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"PLAN Go" is Tennessee's first statewide transportation plan that addresses the needs for all modes. The plan, developed by the Tennessee Department of Transportation (TDOT) and adopted in 2005, seeks to address the State's projected transportation needs over a 25-year planning horizon.
According to the U.S. Census Bureau, Tennessee ranks among the 15 fastest growing states. The population of Tennessee is expected to grow nearly 40 percent by the year 2030, to nearly 8 million persons, rising at a rate of one to two percent per year. Fully 20 percent of the population is projected to be persons aged 65 and older. Much of the State's development has been suburban, and statewide there is a trend away from the typical suburb-to-city commuting pattern, with increasing trips between suburbs and even city-to-suburb commuting patterns.
Tennessee's economic success has been built on its central location and excellent highway and Interstate system. Despite having nearly 200 river ports, truck traffic dominates the freight system. For 85 percent of the State's communities, trucks provide the only means of delivery. The plan observes that there are opportunities to expand river freight traffic, including international freight movements.
Tourism brings additional strains to the transportation system. The plan reports that in 2002, there were 38.9 million person trips for tourism purposes in the state; 87 percent of tourism travel was by private auto. The vast majority of other types of trips are also by auto, with only 1.6 percent of work trips taken by non-motorized modes and an even smaller share by transit. The existing travel patterns have had important implications for air quality. The new EPA air quality standards will mean that 18 of the state's 95 counties will be non-attainment areas.
Process Included Identification and Consideration of Adopted Plans Relevant to Transportation Planning: In order to develop a truly multimodal plan, TDOT updated recent statewide plans for aviation, transit, and rail, extending their time horizons so that they were coordinated with "PLAN Go." A new statewide bicycle/pedestrian plan was also developed as a supporting document.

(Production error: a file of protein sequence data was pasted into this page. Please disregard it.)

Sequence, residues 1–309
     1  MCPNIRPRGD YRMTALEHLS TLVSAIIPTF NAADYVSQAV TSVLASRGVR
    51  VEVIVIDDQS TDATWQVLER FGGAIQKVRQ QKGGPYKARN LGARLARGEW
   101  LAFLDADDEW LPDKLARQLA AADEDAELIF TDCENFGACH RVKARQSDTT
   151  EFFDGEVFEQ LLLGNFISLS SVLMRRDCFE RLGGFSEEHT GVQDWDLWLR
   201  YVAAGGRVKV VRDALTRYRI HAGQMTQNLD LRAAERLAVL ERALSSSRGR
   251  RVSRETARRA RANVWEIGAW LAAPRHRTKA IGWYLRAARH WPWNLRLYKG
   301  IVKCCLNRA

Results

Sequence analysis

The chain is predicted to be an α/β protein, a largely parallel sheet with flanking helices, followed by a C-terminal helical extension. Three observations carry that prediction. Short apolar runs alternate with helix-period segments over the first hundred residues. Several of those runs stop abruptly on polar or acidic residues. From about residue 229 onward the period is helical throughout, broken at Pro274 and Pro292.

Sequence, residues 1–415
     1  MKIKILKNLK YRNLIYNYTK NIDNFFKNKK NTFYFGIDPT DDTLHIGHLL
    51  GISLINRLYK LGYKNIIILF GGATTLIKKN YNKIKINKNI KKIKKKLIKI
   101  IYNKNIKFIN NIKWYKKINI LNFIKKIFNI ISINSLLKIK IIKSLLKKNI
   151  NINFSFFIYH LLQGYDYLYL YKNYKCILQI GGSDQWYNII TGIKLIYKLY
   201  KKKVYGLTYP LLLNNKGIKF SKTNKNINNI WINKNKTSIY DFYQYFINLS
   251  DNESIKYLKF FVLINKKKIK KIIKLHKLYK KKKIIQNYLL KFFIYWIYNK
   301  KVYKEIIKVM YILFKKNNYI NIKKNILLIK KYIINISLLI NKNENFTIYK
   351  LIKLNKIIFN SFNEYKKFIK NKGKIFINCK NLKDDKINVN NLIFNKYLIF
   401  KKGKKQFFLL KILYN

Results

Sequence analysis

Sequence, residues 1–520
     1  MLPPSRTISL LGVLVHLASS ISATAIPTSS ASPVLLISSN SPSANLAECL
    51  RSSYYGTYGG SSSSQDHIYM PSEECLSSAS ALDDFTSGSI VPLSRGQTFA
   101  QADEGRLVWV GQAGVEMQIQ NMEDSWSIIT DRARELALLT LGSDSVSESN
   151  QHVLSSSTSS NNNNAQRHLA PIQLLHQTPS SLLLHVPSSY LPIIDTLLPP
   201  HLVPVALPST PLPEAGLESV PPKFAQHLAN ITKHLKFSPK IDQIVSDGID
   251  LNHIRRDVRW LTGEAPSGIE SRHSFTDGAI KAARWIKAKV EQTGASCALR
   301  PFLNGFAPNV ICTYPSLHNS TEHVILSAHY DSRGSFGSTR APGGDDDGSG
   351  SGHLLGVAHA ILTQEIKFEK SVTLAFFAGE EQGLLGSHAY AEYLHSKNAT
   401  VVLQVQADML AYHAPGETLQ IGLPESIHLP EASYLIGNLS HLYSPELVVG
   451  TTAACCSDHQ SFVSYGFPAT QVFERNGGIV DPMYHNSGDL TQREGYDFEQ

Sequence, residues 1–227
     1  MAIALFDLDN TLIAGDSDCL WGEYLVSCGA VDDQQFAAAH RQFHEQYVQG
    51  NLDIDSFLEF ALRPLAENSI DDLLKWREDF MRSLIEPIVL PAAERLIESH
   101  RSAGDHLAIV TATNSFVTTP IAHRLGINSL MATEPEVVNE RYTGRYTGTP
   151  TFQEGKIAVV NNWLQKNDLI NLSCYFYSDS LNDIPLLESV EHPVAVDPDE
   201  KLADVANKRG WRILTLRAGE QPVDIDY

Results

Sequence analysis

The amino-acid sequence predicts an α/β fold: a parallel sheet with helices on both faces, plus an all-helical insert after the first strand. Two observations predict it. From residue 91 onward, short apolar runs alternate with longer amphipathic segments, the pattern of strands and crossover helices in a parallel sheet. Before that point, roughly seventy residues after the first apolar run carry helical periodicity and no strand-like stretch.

TDOT moved past the artificial demarcation of State boundaries with respect to the movement of goods and people. The eight States bordering Tennessee were surveyed to identify major transportation programs and projects near the Tennessee border, or any new programs that could be of interest or importance to Tennessee's planning process. The anticipated impacts of any expansion of major highways coming into Tennessee from other States were considered. Multimodal solutions, new technologies, and other programs that were being implemented in neighboring States were also investigated, as large-scale projects such as rail systems, major bridges, and new highways often require cross-border cooperation. The process behind "PLAN Go" offers an excellent example of planning coordination across boundaries to enhance coordination and help ensure that large transportation investments are made in the most effective way possible.
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